Did everyone just re-write history by forgetting we had a 20% correction (i.e. end of a bull market) in the fall of 2011 on a intra-day basis? Granted, this was on the heels of a downgrade on US debt and mainly a politically driven drop… but it did happen, didn’t it? Maybe I was just drunk and that whole time frame is a distorted memory.
Food for thought for those of you who think this bull market is getting long in the tooth. If you decided not to forget about 2011, we’re really only approaching this run’s 3rd birthday. Considering this, if we go back to the “start” of this “new” bull market on October 3rd, 2011 (closing low during that period), we would say that the base for this latest run began at 1099.23 on the S&P 500. Let’s take a look at some data from S&P on the average annual returns of all Post-WWII bull markets to begin our new comparison:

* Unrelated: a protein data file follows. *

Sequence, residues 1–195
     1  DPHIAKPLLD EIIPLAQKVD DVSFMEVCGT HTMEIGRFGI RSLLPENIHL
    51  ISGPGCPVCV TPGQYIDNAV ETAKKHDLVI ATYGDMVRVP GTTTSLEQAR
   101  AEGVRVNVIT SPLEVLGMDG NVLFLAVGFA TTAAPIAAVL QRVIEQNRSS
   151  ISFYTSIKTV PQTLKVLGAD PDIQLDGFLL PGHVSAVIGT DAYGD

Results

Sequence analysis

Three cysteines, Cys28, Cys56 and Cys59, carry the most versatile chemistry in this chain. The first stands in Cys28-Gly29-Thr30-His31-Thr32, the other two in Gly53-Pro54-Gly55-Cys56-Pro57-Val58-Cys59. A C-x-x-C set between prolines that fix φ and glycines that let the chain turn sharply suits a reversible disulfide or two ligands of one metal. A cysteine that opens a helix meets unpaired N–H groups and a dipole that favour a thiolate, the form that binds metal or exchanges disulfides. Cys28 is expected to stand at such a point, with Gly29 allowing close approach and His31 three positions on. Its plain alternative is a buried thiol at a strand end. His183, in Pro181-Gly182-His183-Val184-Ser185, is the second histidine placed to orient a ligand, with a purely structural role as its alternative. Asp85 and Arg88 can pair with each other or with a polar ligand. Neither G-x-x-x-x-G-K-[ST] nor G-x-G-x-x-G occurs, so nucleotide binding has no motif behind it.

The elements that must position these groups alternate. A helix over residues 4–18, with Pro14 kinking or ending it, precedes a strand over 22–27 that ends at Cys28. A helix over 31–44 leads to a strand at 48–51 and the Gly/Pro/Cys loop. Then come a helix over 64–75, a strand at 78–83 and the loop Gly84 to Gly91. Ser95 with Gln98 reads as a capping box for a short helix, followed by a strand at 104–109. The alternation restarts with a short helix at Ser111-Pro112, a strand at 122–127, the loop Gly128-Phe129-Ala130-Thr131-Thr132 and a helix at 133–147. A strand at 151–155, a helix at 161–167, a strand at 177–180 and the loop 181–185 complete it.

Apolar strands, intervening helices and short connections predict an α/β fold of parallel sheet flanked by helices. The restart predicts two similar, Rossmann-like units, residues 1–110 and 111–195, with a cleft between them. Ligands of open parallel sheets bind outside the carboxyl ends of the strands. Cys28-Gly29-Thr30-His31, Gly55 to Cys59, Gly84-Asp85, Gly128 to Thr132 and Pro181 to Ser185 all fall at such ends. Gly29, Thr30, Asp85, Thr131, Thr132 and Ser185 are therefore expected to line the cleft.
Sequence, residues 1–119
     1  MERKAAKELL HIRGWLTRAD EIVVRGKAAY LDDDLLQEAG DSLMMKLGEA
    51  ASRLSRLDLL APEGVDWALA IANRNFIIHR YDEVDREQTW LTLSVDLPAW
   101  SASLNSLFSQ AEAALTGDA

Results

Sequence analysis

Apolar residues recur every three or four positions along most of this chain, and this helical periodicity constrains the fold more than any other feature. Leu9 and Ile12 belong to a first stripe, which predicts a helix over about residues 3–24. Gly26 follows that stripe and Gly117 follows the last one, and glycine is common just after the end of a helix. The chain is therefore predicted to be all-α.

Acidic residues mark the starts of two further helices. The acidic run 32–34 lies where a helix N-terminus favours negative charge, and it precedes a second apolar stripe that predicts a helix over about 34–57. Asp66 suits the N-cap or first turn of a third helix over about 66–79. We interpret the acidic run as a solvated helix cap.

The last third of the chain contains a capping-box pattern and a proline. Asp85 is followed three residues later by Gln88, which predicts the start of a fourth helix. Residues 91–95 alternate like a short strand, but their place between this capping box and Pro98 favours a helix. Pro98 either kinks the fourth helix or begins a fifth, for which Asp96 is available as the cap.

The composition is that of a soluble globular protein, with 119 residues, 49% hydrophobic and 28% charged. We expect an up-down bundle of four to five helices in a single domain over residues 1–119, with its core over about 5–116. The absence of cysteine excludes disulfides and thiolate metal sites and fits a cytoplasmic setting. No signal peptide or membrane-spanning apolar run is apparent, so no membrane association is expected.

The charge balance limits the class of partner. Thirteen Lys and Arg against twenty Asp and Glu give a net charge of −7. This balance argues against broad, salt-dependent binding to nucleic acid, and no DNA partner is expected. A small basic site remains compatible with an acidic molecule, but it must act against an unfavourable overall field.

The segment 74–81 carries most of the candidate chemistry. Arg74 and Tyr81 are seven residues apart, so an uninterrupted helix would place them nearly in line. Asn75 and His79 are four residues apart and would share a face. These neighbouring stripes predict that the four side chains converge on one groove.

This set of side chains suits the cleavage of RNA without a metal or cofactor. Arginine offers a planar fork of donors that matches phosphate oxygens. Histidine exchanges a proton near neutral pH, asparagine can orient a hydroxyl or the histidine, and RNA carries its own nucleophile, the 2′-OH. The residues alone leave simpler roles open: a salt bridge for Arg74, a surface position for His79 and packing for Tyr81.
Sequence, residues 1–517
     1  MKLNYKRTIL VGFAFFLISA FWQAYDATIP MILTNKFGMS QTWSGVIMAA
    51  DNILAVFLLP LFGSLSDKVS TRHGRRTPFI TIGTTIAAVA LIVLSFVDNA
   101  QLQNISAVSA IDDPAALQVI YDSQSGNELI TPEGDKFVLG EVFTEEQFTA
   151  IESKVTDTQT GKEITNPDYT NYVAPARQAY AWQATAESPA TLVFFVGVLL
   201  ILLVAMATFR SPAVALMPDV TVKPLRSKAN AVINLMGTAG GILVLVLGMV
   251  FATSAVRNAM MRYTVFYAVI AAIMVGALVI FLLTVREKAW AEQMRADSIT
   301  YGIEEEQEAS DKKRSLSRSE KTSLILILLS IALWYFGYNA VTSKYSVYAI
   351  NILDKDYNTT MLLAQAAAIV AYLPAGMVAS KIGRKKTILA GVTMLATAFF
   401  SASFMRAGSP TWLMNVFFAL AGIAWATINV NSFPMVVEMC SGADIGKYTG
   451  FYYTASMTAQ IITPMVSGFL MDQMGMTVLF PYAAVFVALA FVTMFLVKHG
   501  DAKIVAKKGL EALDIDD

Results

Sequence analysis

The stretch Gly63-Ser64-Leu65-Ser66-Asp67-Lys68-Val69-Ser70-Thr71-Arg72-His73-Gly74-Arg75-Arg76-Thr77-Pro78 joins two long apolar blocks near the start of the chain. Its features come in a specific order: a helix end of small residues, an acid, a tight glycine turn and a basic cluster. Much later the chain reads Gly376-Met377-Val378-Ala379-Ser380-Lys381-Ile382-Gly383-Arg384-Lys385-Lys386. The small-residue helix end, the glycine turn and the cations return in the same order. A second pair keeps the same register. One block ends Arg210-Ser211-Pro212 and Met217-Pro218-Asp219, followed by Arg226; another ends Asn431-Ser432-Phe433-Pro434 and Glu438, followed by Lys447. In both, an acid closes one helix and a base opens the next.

Now, lets compare those average annual returns to what we have witnessed since our “new” 2011 bull market:
Using the historical averages of modern bull markets, we should expect the S&P to be somewhere around 1800 on October 3rd of this year. That would mean at Friday’s close we were actually overvalued by slightly more than 2%. Given today’s early gains we are actually even more overvalued. This would seem to support election year seasonality in the fact that we would need a sell-off or sideways trading for a decent period of time in order for the market to become overly attractive again.
I would expect volatility to increase from here regardless of geopolitical events. We need a new catalyst to really send this thing higher when considering valuations, earnings growth, and potential for margin compression as wages rise. Long-term I remain very bullish on equities, but I wouldn’t be surprised to see 10-year yields fall back to 2.5% and equities suffer in the short-term.